• Variety of tests available of varying reliability (see CDC Interim Guidelines for COVID-19 Antibody Testing); exact role of these tests in manage of COVID patients and determining protective immunity is evolving.
    • Mt Sinai study or 624 NYC patients with mild disease found that IgG antibodies develop over a  period of 7 to 50 days from symptom onset and 5 to 49 from symptom resolution, with a median of 24 days from symptom onset to higher antibody titers, and a median of 15 days from symptom resolution to higher antibody titers. All but 3 (0.5%) subjects with PCR-confirmed infections seroconverted; optimal time frame for widespread antibody testing is at least three to four weeks after symptom onset and at least two weeks after symptom resolution. 
    • Cochrane review of serological testing here.


Primary Regimens

  • See also Critical Care Considerations, below
  • Patients with hypoxia
    • Remdesivir (U.S. FDA Emergency Use Authorization 05/01/2020) (See Comments and provider Fact Sheet). Randomized trial demonstrating efficacy (for possible remdesivir drug-drug interaction, see Remdesivir)
      • Adult dosing (wt > 40 kg): 200 mg IV loading dose on day 1, then 100 mg IV daily maintenance dose
        • Infuse each dose over 30-120 min
        • 5 day course if not on ventilation/ECMO. If no clinical improvement at 5 days, extend to 10 days
        • 10 day course for patients on mechanical ventilation/ECMO
      • Pediatric dosing (wt 3.5 - 40 kg): 5 mg/kg loading dose on day 1, then 2.5 mg/kg maintenance dose
        • 5 day course if not on ventilation/ECMO. If no clinical improvement at 5 days, extend to 10 days
        • 10 day course for patients on mechanical ventilation/ECMO
    • Dexamethasone (see Comments)
      • 6 mg once daily IV or po x 10 days for patients on supplemental oxygen or receiving mechanical ventilation
      • Do not use in patients who do not require supplemental oxygen or mechanical ventilation: no benefit, possible harm (see Comments).
    • No other therapies are of proven efficacy: enrollment in a randomized clinical trial, if available, is strongly encouraged 
  • Patients without hypoxia
    • Supportive care

Alternative Regimens

  • None

Critical Care Considerations

  • Critical illness, hospitalized in ICU, on mechanical ventilation. For suuggested interventions see NIH COVID-19 Treatment Guidelines
    • Fluids: balanced crystalloids
    • Pressors: norepi > vasopression/epi; cardiogenic shock - dobutamine; not dopamine
    • Steroids:
      • Refractory shock: consider low dose hydrocortisone
      • Dexamethasone: see Primary Regimens above
    • Anti-inflammatory: acetaminophen and/or ibuprofen
    • Anti-thrombolytic therapy guidelines here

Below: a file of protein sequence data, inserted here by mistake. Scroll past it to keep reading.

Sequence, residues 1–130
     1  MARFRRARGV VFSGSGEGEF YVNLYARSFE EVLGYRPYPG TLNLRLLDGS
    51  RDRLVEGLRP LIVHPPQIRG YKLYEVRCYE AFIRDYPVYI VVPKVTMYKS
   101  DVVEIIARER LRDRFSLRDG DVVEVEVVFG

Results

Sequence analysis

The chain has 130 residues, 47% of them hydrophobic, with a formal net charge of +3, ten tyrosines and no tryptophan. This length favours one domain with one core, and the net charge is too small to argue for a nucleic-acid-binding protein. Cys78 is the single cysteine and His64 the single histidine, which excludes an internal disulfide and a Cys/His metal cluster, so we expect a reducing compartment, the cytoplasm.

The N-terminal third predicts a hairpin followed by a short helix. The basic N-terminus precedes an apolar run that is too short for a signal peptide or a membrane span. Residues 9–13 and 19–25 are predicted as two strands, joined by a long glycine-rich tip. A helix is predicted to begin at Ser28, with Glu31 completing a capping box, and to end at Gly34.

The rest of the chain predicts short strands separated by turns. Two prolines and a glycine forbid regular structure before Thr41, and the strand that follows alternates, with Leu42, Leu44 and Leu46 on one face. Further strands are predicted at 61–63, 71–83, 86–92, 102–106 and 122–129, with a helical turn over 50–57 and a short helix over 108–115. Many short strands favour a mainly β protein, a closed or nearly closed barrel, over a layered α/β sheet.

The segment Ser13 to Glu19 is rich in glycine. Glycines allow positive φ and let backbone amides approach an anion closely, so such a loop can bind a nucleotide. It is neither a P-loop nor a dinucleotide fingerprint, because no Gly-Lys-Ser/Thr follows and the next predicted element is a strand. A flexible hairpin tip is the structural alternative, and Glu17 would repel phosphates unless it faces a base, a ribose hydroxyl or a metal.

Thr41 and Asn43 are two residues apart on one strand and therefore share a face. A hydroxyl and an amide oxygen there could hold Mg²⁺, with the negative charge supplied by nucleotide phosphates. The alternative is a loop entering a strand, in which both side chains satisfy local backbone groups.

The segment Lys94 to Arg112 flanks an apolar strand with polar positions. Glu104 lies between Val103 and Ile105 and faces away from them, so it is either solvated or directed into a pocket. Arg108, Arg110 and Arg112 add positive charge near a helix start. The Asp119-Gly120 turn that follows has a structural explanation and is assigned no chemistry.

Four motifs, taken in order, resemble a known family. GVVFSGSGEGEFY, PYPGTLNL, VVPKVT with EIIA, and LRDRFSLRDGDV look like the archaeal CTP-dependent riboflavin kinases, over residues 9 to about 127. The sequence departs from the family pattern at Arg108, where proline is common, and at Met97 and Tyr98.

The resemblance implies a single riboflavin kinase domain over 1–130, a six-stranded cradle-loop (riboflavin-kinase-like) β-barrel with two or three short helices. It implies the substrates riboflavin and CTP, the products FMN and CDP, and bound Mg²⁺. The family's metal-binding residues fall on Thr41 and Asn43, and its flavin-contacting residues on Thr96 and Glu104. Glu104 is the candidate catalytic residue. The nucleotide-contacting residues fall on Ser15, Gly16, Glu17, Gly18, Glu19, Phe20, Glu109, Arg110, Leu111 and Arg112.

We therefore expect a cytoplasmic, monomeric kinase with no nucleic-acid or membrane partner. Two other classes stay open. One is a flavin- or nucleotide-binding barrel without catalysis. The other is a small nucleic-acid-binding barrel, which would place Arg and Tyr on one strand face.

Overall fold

• Antiviral therapy for SARS CoV-2: Remdesivir (See Primary Regimens, above)
    • Co-infection (Lancet Microbe online 24 Apr 2020, Cleve Clin J Med online May 2020)
      • Bacterial and fungal co-infection 
        • Meta-analysis of 28 studies (22 from China, 2 US, 1 UK, I Spain, 1 Singapore, 1 Thailand) with 3448 hospitalized patients between 12/25/19 and 3/31/20 (Clin Microbiol Infect 220; Jul 22;S1198-743X(20)30423-7): Overall bacterial infection rate of 7.1% with 3.5% of patients infected at presentation and with 15.5% of patients developing secondary bacterial infections over the course of illness. Rates of infection in critically ill patients and fatal cases were 8.1% and 11.6%, respectively. 71% of patients received systemic antibacterial therapy. Most common bacterial species (n=41 total) identified in infected patients were Mycoplasma spp. (29.3%), Haemophilus influenzae (19.5%), Pseudomonas aeruginosa (12.2%), Enterobacteriaceae (30%).
        • Single center study of 4267 hospitalized patients in New York City between 3/1/20 to 4/28/20 (Infect Control Hosp Epidemiol 2020; Jul 24, 1-13. doi: 10.1017/ice.2020.368): Overall bacterial and fungal infection rate of 3.6% with respiratory only infection in 46%, blood only in 40%, both in 14%. 95% of patients with positive respiratory cultures were intubated. The fatality rate in patients with bacterial or fungal co-infection was 57% with 28% still in hospital at the time of publication.  Most common isolates were Staphylococcus aureus (44% respiratory, 30% blood, Pseudomonas aeruginosa (16% respiratory, 6% blood), Klebsiella spp. (10% respiratory, 3% blood), Enterobacter spp. (8% respiratory, 3% blood), E. coli (4% respiratory, 7% blood), S. epidermidis (12% blood), Streptococcus spp. (12% blood), and Enterococcus spp. (7% blood). There was 8 cases of candidemia and 1 case of pulmonary aspergillosis. 71% of COVID-infected patients, whether co-infected or not, received antimicrobial therapy. A significant decline in antimicrobial susceptibility of Enterobacteriaceae  was observed.
      • Empiric antimicrobial therapy:
        • Reasonable to consider but data above suggest bacterial co-infection occurs only in a minority of patients
        • If initiated, re-evaluate at 2-3 days and adjust or discontinue antimicrobials, as appropriate, based on clinical status and microbiology.